After the whole McDonalds episode, I ended up at a company called “Saxe Inc.” It is run by a guy named, strangely enough, Andrew Saxe. He spends half of his time in Denver and the other half in New York city. It turns out that he loves the legendary brown cloud found in Denver, but he just can’t tear himself away from the more traditional forms of pollution found in New York City. Talk about the best of both worlds.

Saxe Inc. is a very liberal company. So liberal, in fact, that all the employees are gay transvestites running around with pitchforks. No, wait a minute. I am thinking of the classic cult film “The Rocky Horror Picture Show.” To the best of my knowledge, nobody at Saxe Inc. is a gay transvestite, and we only run around with pitchforks when there aren’t any of our clients in the building.

Saxe Inc. is a somewhat liberal company. Everyone is allowed to run around in shorts and T-shirts. The only rule is that you can’t run with scissors. We also have a place to play ping pong when we get frustrated and feel like hitting stuff. Just to make it perfect, we also have a cappuccino machine. The front of the machine shows a picture of some great looking cappuccino with perfect looking whip cream with just the right amount of evenly distributed sprinkles. Unfortunately, when I went to get some cappuccino I realized that the machine is not equipped to dispense either whip cream or sprinkles. In an angry fit of rage I ripped the machine out of the wall, raised it up over my head, yelled “Where are the fucking sprinkles?”, and proceeded to throw the entire apparatus at a prospective client. He didn’t die or anything, but I don’t know if he is retaining our services. My lawyer advised my not to disclose the terms of the settlement.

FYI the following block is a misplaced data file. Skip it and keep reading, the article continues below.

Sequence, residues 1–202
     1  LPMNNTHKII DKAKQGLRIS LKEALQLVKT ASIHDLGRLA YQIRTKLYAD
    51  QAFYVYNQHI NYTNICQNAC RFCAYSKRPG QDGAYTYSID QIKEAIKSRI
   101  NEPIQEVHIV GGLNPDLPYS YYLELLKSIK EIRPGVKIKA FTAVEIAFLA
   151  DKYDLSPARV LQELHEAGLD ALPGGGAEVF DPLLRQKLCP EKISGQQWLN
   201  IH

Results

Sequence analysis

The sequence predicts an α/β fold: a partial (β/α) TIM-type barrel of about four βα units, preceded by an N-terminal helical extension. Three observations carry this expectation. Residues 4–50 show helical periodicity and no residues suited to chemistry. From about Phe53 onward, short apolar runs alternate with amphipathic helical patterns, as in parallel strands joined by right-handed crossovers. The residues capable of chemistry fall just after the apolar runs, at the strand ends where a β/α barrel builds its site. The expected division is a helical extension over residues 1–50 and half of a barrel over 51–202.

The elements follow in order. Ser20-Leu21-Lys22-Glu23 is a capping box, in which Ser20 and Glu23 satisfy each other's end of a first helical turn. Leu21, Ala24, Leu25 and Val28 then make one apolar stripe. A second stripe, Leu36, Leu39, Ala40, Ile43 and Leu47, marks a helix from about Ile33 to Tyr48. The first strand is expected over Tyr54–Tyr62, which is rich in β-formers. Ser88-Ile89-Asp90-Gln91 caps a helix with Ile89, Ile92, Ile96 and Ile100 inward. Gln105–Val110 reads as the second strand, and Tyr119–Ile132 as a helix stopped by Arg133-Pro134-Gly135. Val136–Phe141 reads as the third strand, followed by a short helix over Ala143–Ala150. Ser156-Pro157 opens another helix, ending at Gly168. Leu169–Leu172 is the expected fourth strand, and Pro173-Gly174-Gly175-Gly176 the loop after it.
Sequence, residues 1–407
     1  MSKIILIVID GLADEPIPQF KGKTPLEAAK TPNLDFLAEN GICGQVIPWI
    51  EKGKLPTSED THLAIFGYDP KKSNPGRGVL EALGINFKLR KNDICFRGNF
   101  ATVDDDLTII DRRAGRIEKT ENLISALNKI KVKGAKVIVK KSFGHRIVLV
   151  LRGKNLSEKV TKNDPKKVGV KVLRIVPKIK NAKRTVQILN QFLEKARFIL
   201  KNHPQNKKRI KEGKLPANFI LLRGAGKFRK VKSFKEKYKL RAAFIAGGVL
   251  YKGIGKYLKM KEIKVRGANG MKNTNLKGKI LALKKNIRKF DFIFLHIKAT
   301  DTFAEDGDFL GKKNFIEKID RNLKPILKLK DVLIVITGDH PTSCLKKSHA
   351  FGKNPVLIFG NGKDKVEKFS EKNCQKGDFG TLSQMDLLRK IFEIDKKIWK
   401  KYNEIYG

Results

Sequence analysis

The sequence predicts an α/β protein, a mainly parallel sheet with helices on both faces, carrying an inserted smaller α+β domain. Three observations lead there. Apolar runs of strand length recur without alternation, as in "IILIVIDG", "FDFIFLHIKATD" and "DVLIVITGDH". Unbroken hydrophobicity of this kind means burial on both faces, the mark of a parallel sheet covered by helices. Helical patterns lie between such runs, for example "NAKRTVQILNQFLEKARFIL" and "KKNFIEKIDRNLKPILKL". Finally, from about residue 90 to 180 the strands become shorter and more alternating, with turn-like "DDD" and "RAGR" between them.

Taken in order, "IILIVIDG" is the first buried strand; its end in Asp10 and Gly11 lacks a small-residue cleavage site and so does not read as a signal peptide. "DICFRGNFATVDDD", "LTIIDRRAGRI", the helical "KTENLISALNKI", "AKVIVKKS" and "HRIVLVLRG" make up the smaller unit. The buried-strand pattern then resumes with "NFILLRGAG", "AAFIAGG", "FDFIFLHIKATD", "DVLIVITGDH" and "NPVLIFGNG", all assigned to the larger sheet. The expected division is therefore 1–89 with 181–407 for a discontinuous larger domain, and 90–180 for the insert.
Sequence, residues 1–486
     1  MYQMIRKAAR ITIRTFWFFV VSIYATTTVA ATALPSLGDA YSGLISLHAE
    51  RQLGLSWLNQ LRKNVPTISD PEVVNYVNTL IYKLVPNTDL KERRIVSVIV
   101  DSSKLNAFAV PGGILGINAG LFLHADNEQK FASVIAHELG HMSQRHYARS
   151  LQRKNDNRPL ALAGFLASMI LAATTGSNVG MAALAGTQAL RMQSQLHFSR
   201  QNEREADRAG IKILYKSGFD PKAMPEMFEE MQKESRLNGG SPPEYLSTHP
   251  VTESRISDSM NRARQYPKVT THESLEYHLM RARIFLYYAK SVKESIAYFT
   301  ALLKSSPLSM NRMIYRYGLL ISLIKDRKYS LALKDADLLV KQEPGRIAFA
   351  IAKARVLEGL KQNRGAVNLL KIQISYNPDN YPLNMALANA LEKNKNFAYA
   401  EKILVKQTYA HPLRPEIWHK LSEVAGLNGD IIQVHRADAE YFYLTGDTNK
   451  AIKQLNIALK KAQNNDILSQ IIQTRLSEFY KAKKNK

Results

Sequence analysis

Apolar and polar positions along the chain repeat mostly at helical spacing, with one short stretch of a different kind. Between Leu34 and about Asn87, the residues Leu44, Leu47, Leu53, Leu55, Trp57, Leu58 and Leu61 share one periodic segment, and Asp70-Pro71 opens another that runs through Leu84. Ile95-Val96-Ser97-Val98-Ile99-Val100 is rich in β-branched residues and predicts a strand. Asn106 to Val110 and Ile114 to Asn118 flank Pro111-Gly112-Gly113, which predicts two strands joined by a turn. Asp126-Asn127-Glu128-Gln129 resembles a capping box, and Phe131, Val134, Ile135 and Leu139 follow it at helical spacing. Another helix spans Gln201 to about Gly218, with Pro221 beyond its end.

As a software developer, I spent some time working on a project to answer the question “What is the meaning of life?” After several months, I came up with an elegant and efficient solution for producing an answer to the question that has eluded philosophers, theologians, and Douglas Adams, author of the book “The Hitchhiker’s Guide to the Galaxy,” for thousands of years. I started running the program only to discover to my dismay that the answer to the question “What is the meaning of life” cannot be answered by sitting inside a sterile office building at a desk with stale fluorescent lights and a 486 computer. It turns out I need a Pentium.

The other night I went out to an Avalanche game with some people I know, including a nose pierced, ex-stripper, bisexual Satan worshiper. No kidding. If I ever have kids I hope they never find out about this and use it to their advantage by saying stuff like “Come on Dad, I just want to go out and get drunk with this 24 year old guy I met at the bowling alley, it’s not like I’m going out with a nose pierced, ex-stripper, bisexual Satan worshiper or anything.” To be honest, we all had a reasonably good time and I can add her to the extensive list of women that I am too chicken to ever ask out.